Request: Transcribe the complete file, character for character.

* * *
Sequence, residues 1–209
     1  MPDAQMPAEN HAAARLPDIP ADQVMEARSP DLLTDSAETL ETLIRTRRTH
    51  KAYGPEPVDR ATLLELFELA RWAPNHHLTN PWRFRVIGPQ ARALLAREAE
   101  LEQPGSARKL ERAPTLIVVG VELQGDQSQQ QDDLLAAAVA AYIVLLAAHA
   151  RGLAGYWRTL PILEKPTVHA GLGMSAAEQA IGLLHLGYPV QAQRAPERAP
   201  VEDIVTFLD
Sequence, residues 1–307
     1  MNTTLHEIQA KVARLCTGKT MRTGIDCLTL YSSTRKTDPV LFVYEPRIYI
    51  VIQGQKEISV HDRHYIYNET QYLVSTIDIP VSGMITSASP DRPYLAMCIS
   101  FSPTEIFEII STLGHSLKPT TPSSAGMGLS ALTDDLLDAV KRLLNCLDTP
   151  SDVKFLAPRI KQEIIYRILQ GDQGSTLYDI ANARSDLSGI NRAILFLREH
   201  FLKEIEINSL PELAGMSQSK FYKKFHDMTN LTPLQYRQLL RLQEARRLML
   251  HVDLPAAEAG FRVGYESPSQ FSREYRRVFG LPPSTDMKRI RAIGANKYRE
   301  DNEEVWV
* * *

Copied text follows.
Sequence, residues 1–209
     1  MPDAQMPAEN HAAARLPDIP ADQVMEARSP DLLTDSAETL ETLIRTRRTH
    51  KAYGPEPVDR ATLLELFELA RWAPNHHLTN PWRFRVIGPQ ARALLAREAE
   101  LEQPGSARKL ERAPTLIVVG VELQGDQSQQ QDDLLAAAVA AYIVLLAAHA
   151  RGLAGYWRTL PILEKPTVHA GLGMSAAEQA IGLLHLGYPV QAQRAPERAP
   201  VEDIVTFLD
Sequence, residues 1–307
     1  MNTTLHEIQA KVARLCTGKT MRTGIDCLTL YSSTRKTDPV LFVYEPRIYI
    51  VIQGQKEISV HDRHYIYNET QYLVSTIDIP VSGMITSASP DRPYLAMCIS
   101  FSPTEIFEII STLGHSLKPT TPSSAGMGLS ALTDDLLDAV KRLLNCLDTP
   151  SDVKFLAPRI KQEIIYRILQ GDQGSTLYDI ANARSDLSGI NRAILFLREH
   201  FLKEIEINSL PELAGMSQSK FYKKFHDMTN LTPLQYRQLL RLQEARRLML
   251  HVDLPAAEAG FRVGYESPSQ FSREYRRVFG LPPSTDMKRI RAIGANKYRE
   301  DNEEVWV